But there is one area of college enrollments that are bucking this trend—online learning. As Inside Higher Ed reported last fall, “Without online education, college and university enrollments would be declining even more.” As of fall 2017, 15.4 percent of all higher education students were exclusively enrolled in online education, roughly 1 in 6 students. So given flat appropriations, declining overall enrollments, and increasing online enrollments, it’s no wonder that state legislators are less interested in talking about brick and mortar and more interested in how online education can help flagging state dollars go farther.
If you spend any time listening to state legislators, one thing quickly becomes clear—there isn’t enough money to go around as states are forced to devote larger and larger portions of their appropriations on growing medical costs. As a result, areas that have traditionally been prioritized for state support, such as higher education, are finding themselves the target of budget cuts. For many of these legislators, their line of thinking goes something like this:
Public higher education doesn’t need as much money if we just make them offer more online courses.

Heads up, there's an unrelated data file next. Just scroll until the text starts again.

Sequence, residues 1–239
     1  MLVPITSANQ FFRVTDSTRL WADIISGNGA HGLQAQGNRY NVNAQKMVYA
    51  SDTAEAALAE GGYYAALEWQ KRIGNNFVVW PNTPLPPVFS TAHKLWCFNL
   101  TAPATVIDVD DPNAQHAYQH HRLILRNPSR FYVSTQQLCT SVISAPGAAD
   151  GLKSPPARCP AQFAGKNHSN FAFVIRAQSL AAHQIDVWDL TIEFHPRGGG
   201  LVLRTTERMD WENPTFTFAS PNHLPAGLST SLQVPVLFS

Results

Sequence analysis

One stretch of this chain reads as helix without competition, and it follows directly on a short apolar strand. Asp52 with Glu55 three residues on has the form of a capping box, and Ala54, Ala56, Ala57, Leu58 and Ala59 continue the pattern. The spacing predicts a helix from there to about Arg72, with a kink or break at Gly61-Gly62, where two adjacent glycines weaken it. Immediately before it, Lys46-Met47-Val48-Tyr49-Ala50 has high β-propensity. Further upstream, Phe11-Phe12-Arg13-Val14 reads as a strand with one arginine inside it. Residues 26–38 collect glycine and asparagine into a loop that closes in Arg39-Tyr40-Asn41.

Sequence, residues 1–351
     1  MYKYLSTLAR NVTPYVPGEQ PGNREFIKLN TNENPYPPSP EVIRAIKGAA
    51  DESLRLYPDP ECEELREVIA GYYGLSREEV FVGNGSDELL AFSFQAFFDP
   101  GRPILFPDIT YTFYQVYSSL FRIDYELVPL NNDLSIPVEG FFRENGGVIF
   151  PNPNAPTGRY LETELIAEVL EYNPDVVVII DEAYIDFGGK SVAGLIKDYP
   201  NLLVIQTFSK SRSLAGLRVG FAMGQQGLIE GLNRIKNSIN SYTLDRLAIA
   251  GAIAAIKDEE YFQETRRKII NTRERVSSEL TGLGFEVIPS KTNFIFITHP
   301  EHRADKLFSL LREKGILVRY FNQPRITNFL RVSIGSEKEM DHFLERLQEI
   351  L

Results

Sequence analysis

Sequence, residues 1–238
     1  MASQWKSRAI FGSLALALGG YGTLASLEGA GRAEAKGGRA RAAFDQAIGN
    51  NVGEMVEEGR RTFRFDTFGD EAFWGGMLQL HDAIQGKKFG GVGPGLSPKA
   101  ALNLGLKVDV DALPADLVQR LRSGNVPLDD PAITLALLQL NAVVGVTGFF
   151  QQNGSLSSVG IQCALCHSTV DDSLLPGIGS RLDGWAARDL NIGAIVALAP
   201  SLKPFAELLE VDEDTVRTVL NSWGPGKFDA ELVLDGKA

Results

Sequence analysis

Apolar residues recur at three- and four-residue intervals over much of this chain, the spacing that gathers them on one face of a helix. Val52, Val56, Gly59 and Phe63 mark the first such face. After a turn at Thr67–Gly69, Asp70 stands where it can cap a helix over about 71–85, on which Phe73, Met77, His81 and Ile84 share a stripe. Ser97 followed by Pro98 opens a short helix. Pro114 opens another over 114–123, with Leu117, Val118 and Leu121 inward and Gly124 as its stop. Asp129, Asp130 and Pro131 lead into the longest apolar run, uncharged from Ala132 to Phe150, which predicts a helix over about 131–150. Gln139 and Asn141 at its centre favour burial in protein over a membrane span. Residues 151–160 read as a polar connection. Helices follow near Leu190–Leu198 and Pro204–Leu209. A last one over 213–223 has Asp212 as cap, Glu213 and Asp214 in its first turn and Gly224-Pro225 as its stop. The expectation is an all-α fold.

As education professionals, however, we know that online education is often not cheaper than face to face education. As Russ Poulin and Terri Taylor Straut observed in “The Economics of Distance Education: Boxing Match or Productive Dialogue:” “A massive disconnect exists between policymakers and educational technology professionals regarding distance education finances.” Poulin and Straut found that when respondents were asked about 21 cost components, 57 percent of the components were reported costing the same as face-to-face instruction, 43 percent were reported as costing more. None of the components were considered to be less expensive than face-to-face.
These findings are probably not surprising to education professionals. We know that the most expensive costs associated with teaching are almost always personnel costs, and in the case of online learning, there are not only personnel costs for faculty but also for instructional designers and other educational providers. What might be surprising is how few legislators understand these economics. For example, Poulin and Straut found that in a meeting of the National Council for State Legislators, none of the more than 150 legislators and staff in the room thought that distance education cost more than face-to-face education.
So how can we, as educational technology professionals, help state legislators understand the real costs of online education?